61. 61. Transform Selection• T(u,v) can be computed using varioustransformations, for example:– DFT– DCT (Discrete Cosine Transform)– KLT (Karhunen-Loeve Transformation)
  62. 62. DCTif u=0if u>0if v=0if v>0forwardinverse
  63. 63. DCT (cont’d)• Basis set of functions for a 4x4 image (i.e.,cosines ofdifferent frequencies).
  64. 64. DCT (cont’d)DFT WHT DCTRMS error: 2.32 1.78 1.138 x 8 subimages64 coefficientsper subimage50% of thecoefficientstruncated
  65. 65. DCT (cont’d)• DCT minimizes "blocking artifacts" (i.e., boundariesbetween subimages do not become very visible).DFTi.e., n-point periodicitygives rise todiscontinuities!DCTi.e., 2n-point periodicitypreventsdiscontinuities!
  66. 66. DCT (cont’d)• Subimage size selection:2 x 2 subimagesoriginal 4 x 4 subimages 8 x 8 subimages
  67. 67. JPEG Compression• JPEG is an image compression standard which wasaccepted as an international standard in 1992.• Developed by the Joint Photographic Expert Group ofthe ISO/IEC for coding and compression of color/grayscale images.• Yields acceptable compression in the 10:1 range.• A scheme for video compression based on JPEGcalled Motion JPEG (MJPEG) exists
  68. 68. JPEG Compression (cont’d)• JPEG uses DCT for handling interpixel redundancy.• Modes of operation:(1) Sequential DCT-based encoding(2) Progressive DCT-based encoding(3) Lossless encoding(4) Hierarchical encoding
  69. 69. JPEG Compression(Sequential DCT-based encoding)EntropyencoderEntropydecoder
  70. 70. JPEG Steps1. Divide the image into 8x8 subimages;For each subimage do:2. Shift the gray-levels in the range [-128, 127]- DCT requires range be centered around 03. Apply DCT (i.e., 64 coefficients)1 DC coefficient: F(0,0)63 AC coefficients: F(u,v)
  71. 71. Example(i.e., non-centeredspectrum)
  72. 72. JPEG Steps4. Quantize the coefficients (i.e., reduce the amplitude ofcoefficients that do not contribute a lot).Q(u,v): quantization table
  73. 73. Example• Quantization Table Q[i][j]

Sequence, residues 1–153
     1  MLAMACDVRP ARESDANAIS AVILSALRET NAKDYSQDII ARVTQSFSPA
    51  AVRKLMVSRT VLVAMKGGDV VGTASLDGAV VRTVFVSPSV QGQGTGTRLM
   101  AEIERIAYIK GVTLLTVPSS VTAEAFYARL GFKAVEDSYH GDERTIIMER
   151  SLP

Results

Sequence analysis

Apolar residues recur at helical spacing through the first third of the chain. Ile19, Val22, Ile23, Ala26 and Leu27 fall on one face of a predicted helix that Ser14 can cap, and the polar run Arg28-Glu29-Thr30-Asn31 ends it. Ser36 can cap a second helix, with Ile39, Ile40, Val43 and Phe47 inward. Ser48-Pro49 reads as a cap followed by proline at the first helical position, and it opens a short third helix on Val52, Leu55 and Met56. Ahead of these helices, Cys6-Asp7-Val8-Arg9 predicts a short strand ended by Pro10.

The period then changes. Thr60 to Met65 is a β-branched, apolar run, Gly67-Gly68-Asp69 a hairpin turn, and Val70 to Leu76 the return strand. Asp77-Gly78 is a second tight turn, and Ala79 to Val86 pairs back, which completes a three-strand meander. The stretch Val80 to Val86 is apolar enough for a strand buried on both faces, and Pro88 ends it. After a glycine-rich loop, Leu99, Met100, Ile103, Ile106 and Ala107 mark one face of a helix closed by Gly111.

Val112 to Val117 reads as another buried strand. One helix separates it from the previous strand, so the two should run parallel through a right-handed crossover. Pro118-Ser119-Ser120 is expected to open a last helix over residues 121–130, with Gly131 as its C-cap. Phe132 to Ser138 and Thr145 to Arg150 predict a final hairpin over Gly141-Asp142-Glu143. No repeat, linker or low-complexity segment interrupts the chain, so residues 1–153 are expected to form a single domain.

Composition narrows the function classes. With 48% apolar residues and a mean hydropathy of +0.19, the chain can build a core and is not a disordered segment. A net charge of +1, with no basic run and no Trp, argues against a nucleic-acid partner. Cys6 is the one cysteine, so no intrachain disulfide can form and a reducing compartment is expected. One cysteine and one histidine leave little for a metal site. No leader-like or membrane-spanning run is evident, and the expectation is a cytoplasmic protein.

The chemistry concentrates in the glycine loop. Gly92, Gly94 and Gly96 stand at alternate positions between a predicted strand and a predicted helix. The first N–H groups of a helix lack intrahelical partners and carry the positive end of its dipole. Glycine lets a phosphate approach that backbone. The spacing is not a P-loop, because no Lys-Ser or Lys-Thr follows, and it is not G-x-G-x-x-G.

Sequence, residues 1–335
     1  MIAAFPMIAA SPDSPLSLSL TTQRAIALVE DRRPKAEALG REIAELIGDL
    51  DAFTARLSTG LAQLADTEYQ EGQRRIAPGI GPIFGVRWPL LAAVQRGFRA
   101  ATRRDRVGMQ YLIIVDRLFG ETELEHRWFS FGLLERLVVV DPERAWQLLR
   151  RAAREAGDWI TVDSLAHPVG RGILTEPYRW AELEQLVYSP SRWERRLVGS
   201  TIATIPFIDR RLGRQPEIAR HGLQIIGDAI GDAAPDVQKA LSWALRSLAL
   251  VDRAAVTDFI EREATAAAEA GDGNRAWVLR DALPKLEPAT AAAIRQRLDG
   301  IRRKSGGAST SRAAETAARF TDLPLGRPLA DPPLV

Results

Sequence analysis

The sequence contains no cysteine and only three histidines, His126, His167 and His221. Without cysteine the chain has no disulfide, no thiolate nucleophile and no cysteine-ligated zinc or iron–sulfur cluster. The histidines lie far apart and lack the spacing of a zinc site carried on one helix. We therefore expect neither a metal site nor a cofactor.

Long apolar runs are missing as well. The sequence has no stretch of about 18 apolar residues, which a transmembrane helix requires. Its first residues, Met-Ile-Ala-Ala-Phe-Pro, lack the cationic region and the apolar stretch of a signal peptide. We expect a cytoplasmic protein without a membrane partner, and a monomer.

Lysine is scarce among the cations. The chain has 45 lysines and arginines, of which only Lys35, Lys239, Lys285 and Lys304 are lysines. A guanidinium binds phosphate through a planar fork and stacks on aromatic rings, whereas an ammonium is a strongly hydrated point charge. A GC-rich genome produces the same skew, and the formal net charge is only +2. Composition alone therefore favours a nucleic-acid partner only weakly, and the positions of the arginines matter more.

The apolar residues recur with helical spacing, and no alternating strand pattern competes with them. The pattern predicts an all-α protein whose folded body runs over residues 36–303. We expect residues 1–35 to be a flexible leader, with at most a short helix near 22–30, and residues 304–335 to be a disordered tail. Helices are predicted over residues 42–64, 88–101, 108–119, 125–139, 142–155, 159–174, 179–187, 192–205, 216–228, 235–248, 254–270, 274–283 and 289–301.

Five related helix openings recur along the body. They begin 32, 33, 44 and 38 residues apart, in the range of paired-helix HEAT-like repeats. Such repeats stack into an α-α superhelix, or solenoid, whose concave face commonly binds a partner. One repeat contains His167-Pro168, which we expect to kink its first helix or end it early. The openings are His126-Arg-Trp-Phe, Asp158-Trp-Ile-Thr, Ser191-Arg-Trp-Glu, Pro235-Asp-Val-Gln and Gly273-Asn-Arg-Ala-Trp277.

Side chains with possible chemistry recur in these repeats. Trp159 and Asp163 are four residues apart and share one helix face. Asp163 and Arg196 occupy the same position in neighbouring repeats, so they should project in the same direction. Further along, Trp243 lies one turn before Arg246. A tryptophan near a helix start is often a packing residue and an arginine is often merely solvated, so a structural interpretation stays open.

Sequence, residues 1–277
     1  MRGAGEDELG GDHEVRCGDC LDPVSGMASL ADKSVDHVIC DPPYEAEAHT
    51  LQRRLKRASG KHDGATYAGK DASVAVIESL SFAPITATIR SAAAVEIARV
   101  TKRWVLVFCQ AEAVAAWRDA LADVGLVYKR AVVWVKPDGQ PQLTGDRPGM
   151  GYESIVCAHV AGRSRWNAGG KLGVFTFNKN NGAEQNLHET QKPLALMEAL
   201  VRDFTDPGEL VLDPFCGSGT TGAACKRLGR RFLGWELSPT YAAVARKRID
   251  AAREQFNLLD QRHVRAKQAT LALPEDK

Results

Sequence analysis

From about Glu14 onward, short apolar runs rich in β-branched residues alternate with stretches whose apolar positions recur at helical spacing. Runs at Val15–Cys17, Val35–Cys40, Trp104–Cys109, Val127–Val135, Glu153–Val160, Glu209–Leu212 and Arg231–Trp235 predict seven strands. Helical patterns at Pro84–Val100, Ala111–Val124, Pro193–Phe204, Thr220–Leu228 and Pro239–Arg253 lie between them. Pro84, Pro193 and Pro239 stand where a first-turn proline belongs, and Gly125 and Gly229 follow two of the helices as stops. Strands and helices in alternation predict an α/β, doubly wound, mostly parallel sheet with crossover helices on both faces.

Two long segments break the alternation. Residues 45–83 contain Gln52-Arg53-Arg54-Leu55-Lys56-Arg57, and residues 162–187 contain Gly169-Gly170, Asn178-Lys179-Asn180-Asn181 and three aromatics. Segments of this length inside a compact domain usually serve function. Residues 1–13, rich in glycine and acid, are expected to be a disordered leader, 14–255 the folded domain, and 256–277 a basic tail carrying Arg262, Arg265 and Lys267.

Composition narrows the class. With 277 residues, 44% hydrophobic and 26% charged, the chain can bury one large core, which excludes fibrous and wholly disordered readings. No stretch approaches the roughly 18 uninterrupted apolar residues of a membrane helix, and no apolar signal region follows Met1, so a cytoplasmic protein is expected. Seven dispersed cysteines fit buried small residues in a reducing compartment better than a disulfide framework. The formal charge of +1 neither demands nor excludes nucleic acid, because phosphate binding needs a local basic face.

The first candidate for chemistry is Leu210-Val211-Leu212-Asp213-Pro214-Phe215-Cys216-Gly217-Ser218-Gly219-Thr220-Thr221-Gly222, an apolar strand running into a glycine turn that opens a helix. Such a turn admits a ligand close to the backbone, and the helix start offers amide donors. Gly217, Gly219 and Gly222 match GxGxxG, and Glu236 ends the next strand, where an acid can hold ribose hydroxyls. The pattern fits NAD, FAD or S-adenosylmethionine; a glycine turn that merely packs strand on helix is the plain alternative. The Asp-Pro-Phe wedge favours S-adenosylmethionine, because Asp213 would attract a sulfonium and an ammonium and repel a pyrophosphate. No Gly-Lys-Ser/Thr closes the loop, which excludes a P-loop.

74. 74. Example (cont’d)Quantization
  75. 75. JPEG Steps (cont’d)5. Order the coefficients using zig-zag ordering- Place non-zero coefficients first- Create long runs of zeros (i.e., good for run-length encoding)
  76. 76. Example
  77. 77. JPEG Steps (cont’d)6. Form intermediate symbol sequence and encode coefficients:6.2 AC coefficients: variable length coding6.1 DC coefficients: predictive encoding
  78. 78. Intermediate Codingsymbol_1 (SIZE) symbol_2 (AMPLITUDE)DCDC (6) (61)AC (0,2) (-3)end of blocksymbol_1 (RUN-LENGTH, SIZE) symbol_2 (AMPLITUDE)SIZE: # bits for encoding amplitudeRUN-LENGTH: run of zeros
  79. 79. DC/AC Symbol Encoding• DC encoding• AC encodingsymbol_1 symbol_2(SIZE) (AMPLITUDE)If RUN-LENGTH > 15, use symbol (15,0) , i.e., RUN-LENGTH=160 0 0 0 0 0 476(6,9)(476)[-2048, 2047]=predictivecoding:= [-210, 210-1]1 ≤SIZE≤10[-211, 211-1]1 ≤SIZE≤11
  80. 80. Entropy Encoding (e.g, variable length)
  81. 81. Entropy Encoding (e.g, Huffman)Symbol_1(Variable Length Code (VLC))Symbol_2(Variable Length Integer (VLI))(1,4)(12)  (111110110 1100)VLC VLI
  82. 82. Effect of “Quality”90 (58k bytes)50 (21k bytes)10 (8k bytes)best quality,lowest compressionworst quality,highest compression
  83. 83. Effect of “Quality” (cont’d)
  84. 84. Example 1: homogeneous 8 x 8 block
  85. 85. Example 1 (cont’d)Quantized De-quantized
  86. 86. Example 1 (cont’d)Reconstructed Error
  87. 87. Example 2: less homogeneous 8 x 8 block
  88. 88. Example 2 (cont’d)Quantized De-quantized
  89. 89. Example 2 (cont’d)Reconstructed – spatial Error
  90. 90. JPEG for Color Images• Could apply JPEG on R/G/B components .• It is more efficient to describe a color in terms of itsluminance and chrominance content separately, to enablemore efficient processing.– YUV• Chrominance can be subsampled due to human visioninsensitivity
  91. 91. JPEG for Color Images• Luminance: Received brightness of the light(proportional to the total energy in the visible band).• Chrominance: Describe the perceived color tone of thelight (depends on the wavelength composition of light– Hue: Specify the color tone (i.e., depends on the peakwavelength of the light).– Saturation: Describe how pure the color is (i.e., depends onthe spread or bandwidth of the light spectrum).
  92. 92. YUV Color Space• YUV color space– Y is the components of luminance– Cb and Cr are the components of chrominance– The values in the YUV coordinate are related to the valuesin the RGB coordinate by:0.299 0.587 0.114 00.169 0.334 0.500 1280.500 0.419 0.081 128Y RCb GCr B       ÷  ÷ ÷  ÷= − − + ÷  ÷ ÷  ÷ ÷  ÷ ÷  ÷− −      
  93. 93. JPEG for Color ImagesEncoderDecoder
  94. 94. JPEG Modes• JPEG supports several different modes– Sequential Mode– Progressive Mode– Hierarchical Mode– Lossless Mode• Sequential is the default mode– Each image component is encoded in a single left-to-right,top-to-bottom scan.– This is the mode we have been describing.
  95. 95. Progressive JPEG• The image is encoded in multiple scans, in order toproduce a quick, rough decoded image whentransmission time is long.SequentialProgressive
  96. 96. Progressive JPEG (cont’d)• Send DCT coefficients in multiple scans:(1) Progressive spectral selection algorithm(2) Progressive successive approximation algorithm(3) Hybrid progressive algorithm
  97. 97. Progressive JPEG (cont’d)(1) Progressive spectral selection algorithm– Group DCT coefficients into several spectral bands– Send low-frequency DCT coefficients first– Send higher-frequency DCT coefficients next